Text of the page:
FIG. 1 is a top view of a table layout of one embodiment of the game of the invention.
FIG. 2 is a flowchart of one embodiment of the game of the invention.
FIG. 3 is a top view of a table layout of a second embodiment of the invention.
FIG. 4 is a flowchart of a second embodiment of the invention.
FIG. 5 is a top view of a table showing three card-wager positions, each representing a different range of card values.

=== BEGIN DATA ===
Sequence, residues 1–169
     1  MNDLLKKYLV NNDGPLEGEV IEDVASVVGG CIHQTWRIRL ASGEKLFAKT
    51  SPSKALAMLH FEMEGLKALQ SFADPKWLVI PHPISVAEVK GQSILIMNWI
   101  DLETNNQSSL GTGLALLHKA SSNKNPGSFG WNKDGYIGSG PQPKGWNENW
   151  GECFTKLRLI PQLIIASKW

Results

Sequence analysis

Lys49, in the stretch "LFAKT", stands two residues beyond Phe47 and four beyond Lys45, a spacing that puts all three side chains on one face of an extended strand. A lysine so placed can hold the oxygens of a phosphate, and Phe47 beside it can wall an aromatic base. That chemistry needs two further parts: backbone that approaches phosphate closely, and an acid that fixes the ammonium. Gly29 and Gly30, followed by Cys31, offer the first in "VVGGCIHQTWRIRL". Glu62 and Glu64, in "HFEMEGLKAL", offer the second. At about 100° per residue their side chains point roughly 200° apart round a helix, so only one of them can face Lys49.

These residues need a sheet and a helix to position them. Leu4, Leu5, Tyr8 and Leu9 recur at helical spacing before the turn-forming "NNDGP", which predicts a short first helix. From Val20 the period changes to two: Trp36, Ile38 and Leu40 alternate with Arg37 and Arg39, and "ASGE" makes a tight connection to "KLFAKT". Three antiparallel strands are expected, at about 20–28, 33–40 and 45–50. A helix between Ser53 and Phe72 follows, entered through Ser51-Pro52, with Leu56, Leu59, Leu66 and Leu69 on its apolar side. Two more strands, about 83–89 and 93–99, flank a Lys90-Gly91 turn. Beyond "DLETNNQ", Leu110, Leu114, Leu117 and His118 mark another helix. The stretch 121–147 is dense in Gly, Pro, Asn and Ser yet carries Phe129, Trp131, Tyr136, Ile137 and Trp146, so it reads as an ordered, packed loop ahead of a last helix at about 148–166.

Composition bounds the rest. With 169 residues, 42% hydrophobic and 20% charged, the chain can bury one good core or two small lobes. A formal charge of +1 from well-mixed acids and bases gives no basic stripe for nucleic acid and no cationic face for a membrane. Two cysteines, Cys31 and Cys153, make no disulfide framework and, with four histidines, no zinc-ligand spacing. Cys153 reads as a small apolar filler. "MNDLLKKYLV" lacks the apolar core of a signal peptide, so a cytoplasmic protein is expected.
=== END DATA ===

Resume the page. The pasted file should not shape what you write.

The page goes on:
______________________________________REFERENCE NUMERALS______________________________________10 table12a-g player position14 dealer position16 chip area18 dealer card area20 dealer card area22 dealer card area24a-g player card area26a-g player card area28a-g hand-wager position30a-g hand-wager position32 card-wager region34 card-wager region36 card-wager region40 decision block42 block44 decision block46 block48 block50 decision block52 block54 block56 block58 decision block60 block62 block70 table72a-g player position74 dealer position76 chip area78 dealer card area80 dealer card area82 dealer card area84a-g player card position86a-g player card position88a-g hand-wager position90a-g hand-wager position92a-g hand-wager position94 card-wager region96 card-wager region98 card-wager region110 block112 block114 decision block116 block118 block120 decision block122 block124 block126 decision block128 block130 block132 decision block134 block136 block138 block150 card-wager region152 card-wager region154 card-wager region156 card-wager region______________________________________